Magazine of Natural History, Volume 4

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John Claudius Loudon, Edward Charlesworth, John Denson
Longman, Rees, Orme, Brown, and Green, 1831 - Natural history
 

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Page 295 - TO A homeless man, who has no spot on this wide world which he can truly call his own, there is a momentary feeling of something like independence and territorial consequence, when, after a weary day's travel, he kicks off his boots, thrusts his feet into slippers, and stretches himself before an inn fire.
Page 31 - It had attained its full growth when that monarch was on the throne (1520), so that it must now be at least 400 years old; yet it still retains all the vigour of youthful vegetation. The trunk is forty-one feet in circumference, yet the height is so majestic as to make even this enormous mass appear slender.
Page 422 - O, how canst thou renounce the boundless store Of charms which Nature to her votary yields ! The warbling woodland, the resounding shore, The pomp of groves, and garniture of fields ; All that the genial ray of morning gilds, And all that echoes to the song of even, All that the mountain's sheltering bosom shields, And all the dread magnificence of Heaven, O, how canst thou renounce^ and hope to be forgiven ! These charms shall work thy soul's eternal health, And love, and gentleness, and joy,...
Page 519 - When we are in perfect health and spirits, we feel in ourselves a happiness independent of any particular outward gratification whatever, and of which we can give no account. This is an enjoyment which the Deity has annexed to life ; and it probably constitutes, in a great measure, the happiness of infants and brutes, especially of the lower and sedentary- orders of animals, as of oysters, periwinkles, and the like ; for which I have sometimes been at a loss to find out amusement.
Page 279 - A lion !" Surprised at such an exclamation, accompanied with such an act, he turned up his eyes, and with difficulty perceived, at an immeasurable height, a flight of condors soaring in circles in a particular spot. Beneath...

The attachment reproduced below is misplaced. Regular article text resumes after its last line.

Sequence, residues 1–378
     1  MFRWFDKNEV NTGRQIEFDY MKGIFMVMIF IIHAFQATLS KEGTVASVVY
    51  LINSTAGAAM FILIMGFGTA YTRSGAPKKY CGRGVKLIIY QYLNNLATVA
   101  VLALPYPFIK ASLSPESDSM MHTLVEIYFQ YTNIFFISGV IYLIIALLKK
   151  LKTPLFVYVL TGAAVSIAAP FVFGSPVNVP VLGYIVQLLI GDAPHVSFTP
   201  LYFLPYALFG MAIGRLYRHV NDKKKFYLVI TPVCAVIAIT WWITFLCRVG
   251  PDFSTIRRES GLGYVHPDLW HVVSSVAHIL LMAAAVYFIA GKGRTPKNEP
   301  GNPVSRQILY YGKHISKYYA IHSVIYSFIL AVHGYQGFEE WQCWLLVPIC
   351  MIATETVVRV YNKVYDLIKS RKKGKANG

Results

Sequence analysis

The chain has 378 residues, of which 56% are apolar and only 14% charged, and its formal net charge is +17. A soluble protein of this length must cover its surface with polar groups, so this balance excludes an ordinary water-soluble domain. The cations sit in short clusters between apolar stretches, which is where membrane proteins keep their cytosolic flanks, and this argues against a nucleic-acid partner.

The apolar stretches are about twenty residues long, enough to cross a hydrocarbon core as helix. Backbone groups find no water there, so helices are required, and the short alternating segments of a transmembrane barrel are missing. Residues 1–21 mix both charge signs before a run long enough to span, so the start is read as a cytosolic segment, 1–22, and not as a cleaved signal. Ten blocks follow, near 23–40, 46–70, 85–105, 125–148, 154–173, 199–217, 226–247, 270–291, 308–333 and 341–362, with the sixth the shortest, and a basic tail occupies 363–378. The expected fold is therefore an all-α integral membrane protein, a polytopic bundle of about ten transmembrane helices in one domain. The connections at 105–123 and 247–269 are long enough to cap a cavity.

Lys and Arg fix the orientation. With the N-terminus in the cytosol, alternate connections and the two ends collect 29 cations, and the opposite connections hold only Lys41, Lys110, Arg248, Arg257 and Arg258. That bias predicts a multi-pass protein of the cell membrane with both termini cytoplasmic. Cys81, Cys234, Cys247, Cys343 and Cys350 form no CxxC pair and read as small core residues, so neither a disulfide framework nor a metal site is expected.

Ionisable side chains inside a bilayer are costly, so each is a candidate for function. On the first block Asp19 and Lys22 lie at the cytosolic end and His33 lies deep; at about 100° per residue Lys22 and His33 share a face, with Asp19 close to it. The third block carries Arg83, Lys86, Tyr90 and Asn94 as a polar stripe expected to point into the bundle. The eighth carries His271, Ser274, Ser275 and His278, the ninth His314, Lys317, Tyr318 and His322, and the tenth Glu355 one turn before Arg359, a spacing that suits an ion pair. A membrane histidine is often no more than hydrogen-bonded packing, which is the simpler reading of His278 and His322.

Page 47 - When she has in this manner hung the little chamber all round with this splendid scarlet tapestry, of which she is not sparing, but extends it even beyond the entrance, she then fills it with the pollen of flowers mixed with honey, to the height of about half an inch. In this magazine of provisions for her future progeny she lays an egg, and over it folds down the tapestry of poppy-petals from above.
Page 421 - I am but mad north-north-west: when the wind is southerly I know a hawk from a handsaw.
Page 33 - I had said miraculous tree;) at least it was so with respect to us, who had been labouring four days through extreme heat, without receiving the least moisture, and were now almost expiring for the want of it.
Page 540 - ... within. These details could only be observed in the intervals between the great eruptions, some of which I witnessed from the boat. No words can describe their sublime grandeur; their progress...
Page 437 - And what he must be through uncounted ages. — The Child ; — we know no more of happy childhood Than happy childhood knows of wretched eld ; And all our dreams of its felicity Are incoherent as its own crude visions : We but begin to live from that fine point Which memory dwells on, with the morning star, The earliest note we heard the cuckoo sing, Or the first daisy that we ever plucked, When thoughts themselves were stars, and birds, and flowers, Pure brilliance, simplest music, wild perfume.

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